To visit the lush, green mountains and hike at Iao Valley State Park, you must make reservations in advance here.
Reservations are offered for 90 minute time slots beginning at 7AM and ending at 6PM. They ask that you arrive within the first 30 minutes of your time slot.
Entry is $5/person plus $10/vehicle to park.
Reservations open up 30 days in advance.
Diamond Head (Oahu)
To hike to the top of Waikiki’s famous Diamond Head, you must make reservations in advance here.
Reservations are offered in two hour increments beginning at 6AM (6AM-8AM, 8AM-10AM, etc.) and ending at 6PM. If you’re parking onsite, they ask that you arrive within the first 30 minutes of your reservation window.
Entry is $5/person plus $10/vehicle to park.
Reservations open up 30 days in advance.
Tip: I recommend booking one of the first two time slots because there isn’t much shade on this hike and it gets pretty hot.
Hanauma Bay (Oahu)
To snorkel at Oahu’s pristine Hanauma Bay, you must make reservations in advance here.
Entry times are staggered in 10 minute increments from 7AM to 1:20PM with roughly 1000 slots being assigned in advance every day.
Reservations can be made two days in advance and they open at 7AM HST. They’re usually gone in minutes (if not seconds).
If you’re unable to get an advanced reservation, you can try for a day of, walk in ticket. They open at 6:45AM and they only have a limited number available. Everyone in your group needs to be present when you purchase your tickets in person.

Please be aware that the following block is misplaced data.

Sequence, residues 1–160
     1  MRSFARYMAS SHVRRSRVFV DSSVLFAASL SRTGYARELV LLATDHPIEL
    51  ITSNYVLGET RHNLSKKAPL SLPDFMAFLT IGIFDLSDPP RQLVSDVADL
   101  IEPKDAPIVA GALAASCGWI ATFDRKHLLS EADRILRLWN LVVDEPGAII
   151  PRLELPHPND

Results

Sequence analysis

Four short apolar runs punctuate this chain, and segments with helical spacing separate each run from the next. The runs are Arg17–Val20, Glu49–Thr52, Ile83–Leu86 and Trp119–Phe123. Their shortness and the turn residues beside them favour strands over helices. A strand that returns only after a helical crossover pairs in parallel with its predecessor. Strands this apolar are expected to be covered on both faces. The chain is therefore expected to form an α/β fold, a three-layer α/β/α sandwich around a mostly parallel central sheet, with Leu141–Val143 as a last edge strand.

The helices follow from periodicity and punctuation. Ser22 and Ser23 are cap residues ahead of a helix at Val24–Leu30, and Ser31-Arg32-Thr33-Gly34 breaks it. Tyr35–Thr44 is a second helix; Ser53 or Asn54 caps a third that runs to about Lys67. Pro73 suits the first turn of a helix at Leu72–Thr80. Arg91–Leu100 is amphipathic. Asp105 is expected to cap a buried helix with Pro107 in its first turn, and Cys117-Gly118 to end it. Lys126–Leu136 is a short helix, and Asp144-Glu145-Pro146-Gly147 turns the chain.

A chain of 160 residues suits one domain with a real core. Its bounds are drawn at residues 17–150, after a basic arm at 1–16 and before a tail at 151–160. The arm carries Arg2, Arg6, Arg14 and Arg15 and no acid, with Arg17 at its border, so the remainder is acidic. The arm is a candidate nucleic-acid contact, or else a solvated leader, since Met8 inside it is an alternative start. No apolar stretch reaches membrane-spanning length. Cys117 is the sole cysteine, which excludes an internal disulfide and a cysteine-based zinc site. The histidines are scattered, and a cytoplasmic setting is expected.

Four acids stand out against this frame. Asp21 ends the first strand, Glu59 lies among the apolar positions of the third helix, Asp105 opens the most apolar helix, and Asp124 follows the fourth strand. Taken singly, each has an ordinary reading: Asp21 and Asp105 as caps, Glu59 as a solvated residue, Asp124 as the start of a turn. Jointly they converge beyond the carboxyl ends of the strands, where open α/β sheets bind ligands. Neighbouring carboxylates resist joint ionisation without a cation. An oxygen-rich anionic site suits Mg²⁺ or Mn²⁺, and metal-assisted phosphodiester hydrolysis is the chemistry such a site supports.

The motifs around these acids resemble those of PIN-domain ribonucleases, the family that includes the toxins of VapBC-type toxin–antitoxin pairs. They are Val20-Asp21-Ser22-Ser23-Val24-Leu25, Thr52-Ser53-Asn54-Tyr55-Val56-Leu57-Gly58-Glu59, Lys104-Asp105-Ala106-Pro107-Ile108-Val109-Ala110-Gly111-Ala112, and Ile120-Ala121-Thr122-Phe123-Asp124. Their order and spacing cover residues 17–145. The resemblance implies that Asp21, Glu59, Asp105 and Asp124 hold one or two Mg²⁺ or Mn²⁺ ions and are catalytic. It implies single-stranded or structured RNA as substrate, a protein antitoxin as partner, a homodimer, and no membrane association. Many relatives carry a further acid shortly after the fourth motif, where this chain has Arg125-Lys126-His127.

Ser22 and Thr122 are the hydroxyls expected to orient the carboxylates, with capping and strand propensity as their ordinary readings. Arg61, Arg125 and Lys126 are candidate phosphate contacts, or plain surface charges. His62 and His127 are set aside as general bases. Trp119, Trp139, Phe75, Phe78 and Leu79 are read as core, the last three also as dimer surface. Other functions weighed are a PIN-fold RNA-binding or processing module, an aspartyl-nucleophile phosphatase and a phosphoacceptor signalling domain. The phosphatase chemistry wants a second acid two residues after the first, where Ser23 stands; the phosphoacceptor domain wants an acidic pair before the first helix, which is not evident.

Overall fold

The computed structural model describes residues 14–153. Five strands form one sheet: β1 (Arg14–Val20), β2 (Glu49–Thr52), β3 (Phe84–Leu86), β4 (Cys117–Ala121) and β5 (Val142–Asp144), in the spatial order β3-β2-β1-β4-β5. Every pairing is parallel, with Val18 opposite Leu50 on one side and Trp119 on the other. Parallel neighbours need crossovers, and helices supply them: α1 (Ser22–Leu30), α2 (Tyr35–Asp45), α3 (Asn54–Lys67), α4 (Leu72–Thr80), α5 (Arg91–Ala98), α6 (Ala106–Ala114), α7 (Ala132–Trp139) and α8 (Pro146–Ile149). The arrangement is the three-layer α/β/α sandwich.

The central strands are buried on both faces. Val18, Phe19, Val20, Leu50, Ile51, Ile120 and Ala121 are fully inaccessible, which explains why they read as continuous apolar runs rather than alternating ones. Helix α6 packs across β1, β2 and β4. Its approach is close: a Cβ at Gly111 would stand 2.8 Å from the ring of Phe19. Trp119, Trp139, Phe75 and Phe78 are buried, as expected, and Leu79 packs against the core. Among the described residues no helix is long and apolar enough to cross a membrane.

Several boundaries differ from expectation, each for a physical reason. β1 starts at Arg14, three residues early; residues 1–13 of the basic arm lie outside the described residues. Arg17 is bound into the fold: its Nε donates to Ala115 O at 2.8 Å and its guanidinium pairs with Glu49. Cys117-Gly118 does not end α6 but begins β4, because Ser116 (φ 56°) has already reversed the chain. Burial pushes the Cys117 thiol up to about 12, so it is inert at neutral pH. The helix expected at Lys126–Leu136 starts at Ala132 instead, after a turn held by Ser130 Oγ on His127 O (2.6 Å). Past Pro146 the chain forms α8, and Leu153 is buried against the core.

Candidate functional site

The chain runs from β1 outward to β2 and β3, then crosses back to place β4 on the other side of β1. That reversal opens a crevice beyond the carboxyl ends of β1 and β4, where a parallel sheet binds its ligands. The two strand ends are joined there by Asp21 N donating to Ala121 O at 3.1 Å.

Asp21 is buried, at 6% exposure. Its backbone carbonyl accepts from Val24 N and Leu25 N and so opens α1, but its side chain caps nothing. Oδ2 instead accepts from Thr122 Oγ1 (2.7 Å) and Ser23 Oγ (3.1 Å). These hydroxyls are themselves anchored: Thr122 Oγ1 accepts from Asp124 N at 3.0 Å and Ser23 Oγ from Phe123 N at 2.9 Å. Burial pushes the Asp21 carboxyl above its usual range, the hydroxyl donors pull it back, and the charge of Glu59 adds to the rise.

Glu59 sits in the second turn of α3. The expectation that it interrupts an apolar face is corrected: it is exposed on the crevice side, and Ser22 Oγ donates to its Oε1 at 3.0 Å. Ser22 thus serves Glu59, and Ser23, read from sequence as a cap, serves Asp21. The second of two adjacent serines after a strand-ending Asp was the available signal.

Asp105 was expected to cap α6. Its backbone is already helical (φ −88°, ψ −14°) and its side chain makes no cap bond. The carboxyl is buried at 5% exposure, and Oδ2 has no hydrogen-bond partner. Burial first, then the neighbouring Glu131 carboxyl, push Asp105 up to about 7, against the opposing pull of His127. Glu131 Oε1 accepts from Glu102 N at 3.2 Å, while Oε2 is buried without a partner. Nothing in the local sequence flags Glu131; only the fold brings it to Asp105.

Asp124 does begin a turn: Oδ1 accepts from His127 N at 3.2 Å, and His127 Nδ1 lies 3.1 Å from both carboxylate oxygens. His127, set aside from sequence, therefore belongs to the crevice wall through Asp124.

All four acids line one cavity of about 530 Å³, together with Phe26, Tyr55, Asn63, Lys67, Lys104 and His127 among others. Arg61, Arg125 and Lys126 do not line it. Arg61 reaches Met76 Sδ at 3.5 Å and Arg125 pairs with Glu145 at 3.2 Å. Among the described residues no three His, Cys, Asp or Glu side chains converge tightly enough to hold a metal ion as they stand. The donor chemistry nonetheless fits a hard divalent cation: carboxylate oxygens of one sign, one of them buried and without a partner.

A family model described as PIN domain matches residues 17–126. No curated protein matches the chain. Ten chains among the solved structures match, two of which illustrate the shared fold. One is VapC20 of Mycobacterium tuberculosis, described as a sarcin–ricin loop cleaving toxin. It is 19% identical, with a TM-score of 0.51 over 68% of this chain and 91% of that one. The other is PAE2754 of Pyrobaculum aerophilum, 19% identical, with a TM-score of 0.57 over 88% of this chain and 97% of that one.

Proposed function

There are no reservations for parking and it’s first come, first serve. $3/vehicle.
It’s $25/person to snorkel at Hanauma Bay (12 and under, active military, and locals with HI ID are free).
The Hanauma Bay Nature Preserve is open Wednesday through Sunday (CLOSED MONDAY AND TUESDAY) from 6:45AM-4PM. Last entry is at 1:30PM, the beach is cleared at 3:15PM and you have to leave the facility by 4PM.
Jellyfish patterns can also affect whether or not the bay is open so double check the day before/day of.
USS Arizona at Pearl Harbor (Oahu)
If you want to take the boat tour at Pearl Harbor out to the USS Arizona, it’s recommended to make advance reservations here.
Online reservations are guaranteed a specific boarding time to go out to the USS Arizona. If you’re unable to get an advance reservation, you can wait standby when you arrive. The line could be short (15 minutes or so) or long (hours) and it just depends on the day (if they’re having problems with the loading dock sometimes they don’t take many from the standby line) and the time of day.
Reservations are supposed to open up 60 days in advance, but keep an eye on your exact dates, because lately they’ve actually been opening up about 57ish days in advance???
They also release a small batch of tickets the day before.
The boat ride out to the USS Arizona is free, but it’s $1 to make the reservations online.
They recently started charging $7/vehicle for parking at Pearl Harbor.
Haena State Park / Kalalau Trail (Kauai)
If you want to hike Kauai’s famous Kalalau Trail, you must make advance reservations here.
You’ve got three options here:
1) Parking & Entry: This is the most flexible option and also the most limited. THESE RESERVATIONS SELL OUT IN LESS THAN A MINUTE. There are three time slots available: 6:30AM-12:30PM, 12:30PM-5:30PM and 4:30PM to sunset. You can purchase multiple time slots if you want to stay longer. It’s $10/timeslot (parking) plus $5/person and you have to reserve every person when you initially book. Everybody has to arrive in the same car and your ID needs to match the reservation.